WAUKESHA, Wis. – An 8-year-old boy has died, the sixth fatality after a man appeared to be on a mission to “attack and hurt as many people as possible” driving an SUV onto the parade route. Christmas celebration on Sunday, authorities said.
Waukesha County District Attorney Sue Opper announced the sixth death in court Tuesday for five counts of first-degree murder filed against Darrell Brooks Jr., 39, of Milwaukee. Opper said a sixth murder charge will also be filed.
Police say Brooks was fleeing a disturbance in his home where he reportedly used a knife when he crashed into an SUV of dozens of people on Sunday night’s parade route, killing more than 60 people. injured.
First degree attempted murder carries a mandatory life sentence, if convicted. Other fees may follow.
Opper cited Brooks’ long record of cases around Wisconsin and in other states before asking for $5 million in bail, a request approved by court commissioner Kevin Costello.
Costello said he was disturbed by accounts from officers saying Brooks’ actions at the parade appeared to be intentional.
“The nature of this offense is shocking,” Costello said. “I’ve never seen anything like this in my very long career.”
The criminal written complaint features a chilling observation from a police officer who witnessed Brooks passing several options to exit the parade route and speed up instead. his:
“At this point, it’s clear … this was a deliberate act to attack and hurt as many people as possible.” Complaint said.
A witness told the detective a similar account of the vehicle, the complaint said: “It continued to drive in a zigzag motion. It’s like the SUV is trying to avoid the car, not the person. There isn’t any attempt by the vehicle to stop, much less to slow down.
Another witness told police he felt it was a “direct aim to target more and more people taking part in the march,” the allegation said.
The lawsuit also details some of the police’s efforts to stop Brooks.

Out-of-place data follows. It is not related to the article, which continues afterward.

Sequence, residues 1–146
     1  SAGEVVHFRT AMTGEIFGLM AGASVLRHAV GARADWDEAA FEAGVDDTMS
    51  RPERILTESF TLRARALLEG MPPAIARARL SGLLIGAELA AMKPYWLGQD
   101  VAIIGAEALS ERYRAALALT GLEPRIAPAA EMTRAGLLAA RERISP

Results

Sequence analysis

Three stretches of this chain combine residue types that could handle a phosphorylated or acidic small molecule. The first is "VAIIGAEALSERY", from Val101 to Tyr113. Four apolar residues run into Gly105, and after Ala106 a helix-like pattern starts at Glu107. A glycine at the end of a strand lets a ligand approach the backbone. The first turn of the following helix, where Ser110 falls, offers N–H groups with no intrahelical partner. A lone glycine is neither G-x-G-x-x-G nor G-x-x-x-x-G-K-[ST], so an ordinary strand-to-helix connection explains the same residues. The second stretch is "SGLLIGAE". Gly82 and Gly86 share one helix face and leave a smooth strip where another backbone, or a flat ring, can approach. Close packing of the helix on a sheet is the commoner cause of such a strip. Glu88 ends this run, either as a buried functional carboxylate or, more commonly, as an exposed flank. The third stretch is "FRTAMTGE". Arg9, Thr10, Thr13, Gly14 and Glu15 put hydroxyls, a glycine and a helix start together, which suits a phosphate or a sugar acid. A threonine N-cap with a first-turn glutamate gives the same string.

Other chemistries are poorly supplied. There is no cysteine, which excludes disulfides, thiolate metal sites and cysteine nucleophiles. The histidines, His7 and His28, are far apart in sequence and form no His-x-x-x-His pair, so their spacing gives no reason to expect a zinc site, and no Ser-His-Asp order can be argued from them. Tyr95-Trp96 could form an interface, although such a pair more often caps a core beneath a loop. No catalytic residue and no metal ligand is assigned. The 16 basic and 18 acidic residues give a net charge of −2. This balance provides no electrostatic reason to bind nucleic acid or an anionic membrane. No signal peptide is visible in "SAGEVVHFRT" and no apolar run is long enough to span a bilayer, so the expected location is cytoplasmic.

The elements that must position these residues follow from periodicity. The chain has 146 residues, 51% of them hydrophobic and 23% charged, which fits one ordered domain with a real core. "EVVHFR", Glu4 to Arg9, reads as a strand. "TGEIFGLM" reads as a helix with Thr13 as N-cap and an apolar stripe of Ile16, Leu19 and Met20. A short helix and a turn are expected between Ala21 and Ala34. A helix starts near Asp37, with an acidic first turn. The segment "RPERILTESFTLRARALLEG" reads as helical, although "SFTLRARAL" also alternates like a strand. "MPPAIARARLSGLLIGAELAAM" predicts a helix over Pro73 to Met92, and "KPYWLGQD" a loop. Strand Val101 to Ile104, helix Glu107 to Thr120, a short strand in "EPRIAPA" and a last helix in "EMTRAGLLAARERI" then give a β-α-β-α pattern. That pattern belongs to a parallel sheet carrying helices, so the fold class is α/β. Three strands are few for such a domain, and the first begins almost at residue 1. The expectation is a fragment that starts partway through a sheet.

Brooks was released on $1,000 bail announced Friday in another pending case that includes allegations he knowingly hit a woman with his car in early November after affray. The Milwaukee County District Attorney’s office said it had launched an internal review of the “inappropriately low” bail recommendation in that case.
In court Tuesday, Brooks rested his head on the defense desk during the hearing. The AP news agency said he cried when the charges against him were detailed.
As investigators searched for answers, here’s what we know:
Donations to support the victims of Sunday’s deadly crash, some of them children, were poured in on Tuesday.
Nearly $900,000 was raised Tuesday night in about two dozen GoFundMe-verified sites for victims of the parade. Another crowdfunding raised more than $900,000 as of Tuesday afternoon.
According to the campaigns, some of the victims are still fighting for their lives.
One child didn’t know how badly she was hurt but “but managed to say, ‘let’s stick together,'” family friend Oscar Luna wrote on a GoFundMe page to a girl named Jessalyn . “Only a child could consider himself a little doll in this situation.”
Jessalyn lost a kidney, broke her pelvis and suffered liver and lung damage, Luna said.
Brothers Tucker and Jackson Sparks were among several siblings hospitalized following the crash.
Jackson, 8, later died of his injuries according to an update Tuesday afternoon on his verified GoFundMe page. The update has been confirmed by his baseball club and his family’s church.